Last Updated on August 17, 2022
If you’ve ever been for a day out at the races, you might find yourself wondering why are jockeys so short? Is there a particular height you need to be in order to ride a racehorse, or is there another reason why are jockeys so short? Let’s find out!
Why Are Jockeys So Short?
Horse racing is a highly competitive sport, with big money prizes at stake as well as the enormous financial turnover of the gambling industry. In this sport, both the horse and rider are the stars of the show, with some jockeys reaching celebrity status. But why are jockeys so short, and does this help them to win races?
To delve into this concept fully, we first need to understand how the world of horse racing works. Horses are pitted against each other in races which are designed to provide an exciting and competitive finish – there would be no fun watching a race where there was one horse that outclassed the rest!
This is achieved by putting horses of a similar ability, age, gender, and experience in the same race. There are many ways in which the racing authorities classify which races a horse can compete in, but the aim is always to group horses of a similar speed together.
Once these horses are entered into a race, the handicapper will then decide what is the minimum weight each horse should carry. Again, this is designed to create a highly competitive race. A horse that has won several races may be required to carry more weight than one that has never raced before.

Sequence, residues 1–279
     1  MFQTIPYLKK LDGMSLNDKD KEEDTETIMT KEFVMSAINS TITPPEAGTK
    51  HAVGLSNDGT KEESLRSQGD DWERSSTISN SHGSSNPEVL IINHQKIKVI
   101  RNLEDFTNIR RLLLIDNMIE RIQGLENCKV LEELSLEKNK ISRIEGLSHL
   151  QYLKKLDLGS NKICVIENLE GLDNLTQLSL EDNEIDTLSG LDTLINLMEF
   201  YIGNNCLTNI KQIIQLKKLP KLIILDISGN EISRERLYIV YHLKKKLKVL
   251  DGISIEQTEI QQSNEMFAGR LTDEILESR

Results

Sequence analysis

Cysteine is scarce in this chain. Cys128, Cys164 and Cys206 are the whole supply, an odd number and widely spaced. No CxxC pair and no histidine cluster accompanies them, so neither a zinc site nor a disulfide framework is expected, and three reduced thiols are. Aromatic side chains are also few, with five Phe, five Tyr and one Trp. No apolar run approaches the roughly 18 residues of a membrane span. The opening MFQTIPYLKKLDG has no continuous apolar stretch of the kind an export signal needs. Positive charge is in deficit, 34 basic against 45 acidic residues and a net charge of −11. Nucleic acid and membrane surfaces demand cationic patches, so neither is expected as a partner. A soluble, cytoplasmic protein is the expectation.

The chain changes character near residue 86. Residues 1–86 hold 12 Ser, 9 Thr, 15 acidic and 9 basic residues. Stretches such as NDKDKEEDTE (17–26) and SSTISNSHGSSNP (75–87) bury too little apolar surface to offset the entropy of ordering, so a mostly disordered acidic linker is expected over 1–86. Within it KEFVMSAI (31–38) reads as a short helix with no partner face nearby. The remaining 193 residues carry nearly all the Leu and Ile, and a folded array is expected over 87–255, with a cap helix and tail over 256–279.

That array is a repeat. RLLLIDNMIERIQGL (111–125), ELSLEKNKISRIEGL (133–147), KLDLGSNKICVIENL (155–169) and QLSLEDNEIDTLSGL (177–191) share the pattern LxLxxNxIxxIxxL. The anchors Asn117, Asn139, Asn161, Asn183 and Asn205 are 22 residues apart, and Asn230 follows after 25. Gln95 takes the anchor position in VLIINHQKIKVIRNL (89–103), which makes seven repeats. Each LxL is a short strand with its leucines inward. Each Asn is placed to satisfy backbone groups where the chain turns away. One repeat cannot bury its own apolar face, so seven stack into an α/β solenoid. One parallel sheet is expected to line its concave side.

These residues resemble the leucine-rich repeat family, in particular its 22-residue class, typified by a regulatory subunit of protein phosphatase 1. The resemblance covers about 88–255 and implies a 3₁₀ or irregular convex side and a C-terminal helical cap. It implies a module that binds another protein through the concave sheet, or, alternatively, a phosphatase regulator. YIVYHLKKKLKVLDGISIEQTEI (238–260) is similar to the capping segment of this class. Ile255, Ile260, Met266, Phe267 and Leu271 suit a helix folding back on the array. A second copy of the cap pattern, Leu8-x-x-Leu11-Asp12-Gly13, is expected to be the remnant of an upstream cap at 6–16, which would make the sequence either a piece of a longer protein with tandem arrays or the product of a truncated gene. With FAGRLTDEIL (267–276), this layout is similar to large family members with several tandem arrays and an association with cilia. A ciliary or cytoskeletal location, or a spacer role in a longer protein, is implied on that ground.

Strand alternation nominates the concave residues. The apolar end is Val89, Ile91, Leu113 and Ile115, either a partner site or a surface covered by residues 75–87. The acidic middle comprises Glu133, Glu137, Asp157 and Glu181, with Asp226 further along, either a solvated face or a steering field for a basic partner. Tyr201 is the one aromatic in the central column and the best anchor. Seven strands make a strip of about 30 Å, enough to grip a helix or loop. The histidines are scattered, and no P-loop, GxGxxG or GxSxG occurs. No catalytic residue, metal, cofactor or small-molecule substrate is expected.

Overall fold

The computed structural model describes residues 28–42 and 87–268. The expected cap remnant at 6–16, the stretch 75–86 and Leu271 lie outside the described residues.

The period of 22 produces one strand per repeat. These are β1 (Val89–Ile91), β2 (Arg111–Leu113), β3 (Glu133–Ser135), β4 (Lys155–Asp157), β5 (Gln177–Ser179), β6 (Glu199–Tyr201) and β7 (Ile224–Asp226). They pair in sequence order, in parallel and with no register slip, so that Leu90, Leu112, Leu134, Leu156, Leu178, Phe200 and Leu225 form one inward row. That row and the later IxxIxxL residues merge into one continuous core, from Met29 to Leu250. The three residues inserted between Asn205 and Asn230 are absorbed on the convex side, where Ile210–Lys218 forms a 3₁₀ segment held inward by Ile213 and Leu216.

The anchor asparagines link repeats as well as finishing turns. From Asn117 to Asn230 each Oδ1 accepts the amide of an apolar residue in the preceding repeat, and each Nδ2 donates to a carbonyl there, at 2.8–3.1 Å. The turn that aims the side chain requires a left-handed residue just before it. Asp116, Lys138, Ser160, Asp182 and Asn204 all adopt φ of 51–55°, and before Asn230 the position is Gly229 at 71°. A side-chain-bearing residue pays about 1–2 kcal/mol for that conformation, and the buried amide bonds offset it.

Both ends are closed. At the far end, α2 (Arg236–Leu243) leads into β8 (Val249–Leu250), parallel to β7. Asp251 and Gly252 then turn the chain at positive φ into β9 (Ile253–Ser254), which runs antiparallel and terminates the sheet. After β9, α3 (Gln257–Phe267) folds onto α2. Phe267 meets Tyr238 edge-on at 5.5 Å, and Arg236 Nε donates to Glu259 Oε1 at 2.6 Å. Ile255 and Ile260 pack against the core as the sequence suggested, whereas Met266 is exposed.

The weight carried by the horse consists of the jockey and the saddle. If this combined weight is less than the minimum weight the horse should carry, weights are added to make up the difference. However, if the combined weight is more than the handicap, nothing is done about this and the horse must compete whilst carrying more weight than necessary!
This obviously puts the horse at a disadvantage, as it is carrying more weight than the handicapper determined it needed to. In order to prevent this from happening, racehorse trainers will tend to select jockeys that have a bodyweight as close as possible to the handicap weight.
These weights are often very low, getting the best possible chance of meeting the handicap weight is far easier for smaller jockeys. Jockeys do not only need to be light in weight but also should be physically fit and strong. A taller jockey would need to be exceptionally thin to meet the handicap weight, and is less likely to be physically strong enough to ride the horse to victory.
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How Do Jockeys Train For A Race?
Jockeys train for a race by training with the horse and alone. Some racehorses are ridden by jockeys routinely as part of their training, while others are trained by grooms and stable hands. When a jockey trains a horse, he will be preparing the horse for a race as well as working on his own physical fitness.
Riding horses is not enough to reach the required level of fitness for a top-level jockey, and some alternative forms of training are also required. Jockeys will need to carry out training to improve their stamina and endurance, as well as their physical strength.
All of this training must be done without gaining too much heavy muscle mass. A top-level jockey will have a lean and wiry physique, strong enough to control an excitable racehorse without carrying too much extra weight.